Earliest stonecutters

The Receipt Books of Trinity College (the ‘Muniments’) record that in 1720 and 1721 the college paid for "Blessingtowne Stones delivered for ye new buildings over ye Cellars in ye College"

 

‘Blessingtowne Stones’ presumably refers to granite from the Blessington area, or from the Blessington Estate.

 

Trinity has records of payments to a ‘Will Reyli’ covering paver’s work in the years 1701, 1702, 1704, 1705 and 1707.  Some of this was for ‘repaving the boggs’ and on the 'brew house’, for which granite would have been ideal because of its high resistance to acid.  Although Reyli/Riley/Reilly is not at first sight a ‘Protestant’ surname, the registers of St Mary’s (the Church of Ireland parish church in Blessington) contain records of a family of this name from 1699 and on through the 1700s.

 

In 1709 and 1710, Trinity employed Nathaniel Spencer for painting and plastering. Could he be related to the Spence who obtained a lease for quarrying in the 1760s?

 

In 1712, when the Trinity library was being built, we find a Richard Osborne and a Robert Smith as stonemasons at Trinity. Osborne is well known at Ballyknockan and there were earlier Osbornes at Rathnabo (where they worked surface stone) and at Kilbride (presumably associated with Golden Hill quarry).  In the case of Smith, the earliest record in St Mary’s for a Smith is in 1703.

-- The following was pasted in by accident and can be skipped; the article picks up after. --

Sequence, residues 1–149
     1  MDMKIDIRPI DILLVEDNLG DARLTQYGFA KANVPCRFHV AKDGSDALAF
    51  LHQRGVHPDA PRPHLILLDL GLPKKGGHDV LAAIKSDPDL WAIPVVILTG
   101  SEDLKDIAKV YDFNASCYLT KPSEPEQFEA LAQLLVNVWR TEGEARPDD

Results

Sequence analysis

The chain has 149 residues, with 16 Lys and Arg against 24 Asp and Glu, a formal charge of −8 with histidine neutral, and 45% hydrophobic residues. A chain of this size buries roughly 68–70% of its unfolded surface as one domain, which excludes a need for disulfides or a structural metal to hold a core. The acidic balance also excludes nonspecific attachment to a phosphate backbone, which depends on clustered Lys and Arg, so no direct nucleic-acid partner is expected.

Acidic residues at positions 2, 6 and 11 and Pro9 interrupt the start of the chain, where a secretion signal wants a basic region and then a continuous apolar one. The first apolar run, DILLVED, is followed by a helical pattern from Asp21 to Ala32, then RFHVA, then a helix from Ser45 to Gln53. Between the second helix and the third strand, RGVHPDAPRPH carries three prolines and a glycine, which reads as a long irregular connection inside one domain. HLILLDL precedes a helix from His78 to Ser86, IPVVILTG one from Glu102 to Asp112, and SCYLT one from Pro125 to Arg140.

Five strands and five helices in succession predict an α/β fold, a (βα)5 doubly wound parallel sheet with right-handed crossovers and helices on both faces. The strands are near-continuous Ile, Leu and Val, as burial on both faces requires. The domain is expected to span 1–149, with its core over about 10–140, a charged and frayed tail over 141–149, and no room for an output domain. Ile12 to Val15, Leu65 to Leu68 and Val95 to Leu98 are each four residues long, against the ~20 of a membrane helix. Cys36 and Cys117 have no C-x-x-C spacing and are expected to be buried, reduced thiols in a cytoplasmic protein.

In 1712, Nathan Hall supplied transport for 11,363 loads of stone, charcoal for melting lead for the stonecutters, and slates.  St Mary’s register has many Halls, the earliest was in 1743.



The earliest granite quarries are at Woodend, in a spot known locally as White's Hill.  Whites first appear in St Mary’s register in 1722, but branches or descendants of the family later became Catholic and appear to have migrated from Woodend to Threecastles to Golden Hill and finally to Ballyknockan, where the female line continued until the 1960s.  Another branch migrated to Ballynabrockey.  A series of gravestones of the Whites is in Kilbride cemetery (RC) dating from 1724.

 

The families named above are most likely provided granite for the very earliest granite cut-stone buildings in the area, such as Dunlavin Courthouse, (originally a Market House on the Tynte Estate) which dates from circa 1740, and Russborough House, built by Joseph Leeson, where construction commenced around 1745.

 

Interestingly, the address of the Reyli/Riley/Reilly family up to 1764 is Burgage, but from 1766 it is Glashinna, which is just north of Russborough House.  Could their move have been associated with the construction of Russborough?  The Reilly surname continued in association with granite quarrying at Ballyknockan, where they were Roman Catholic.

 



Created February 2013.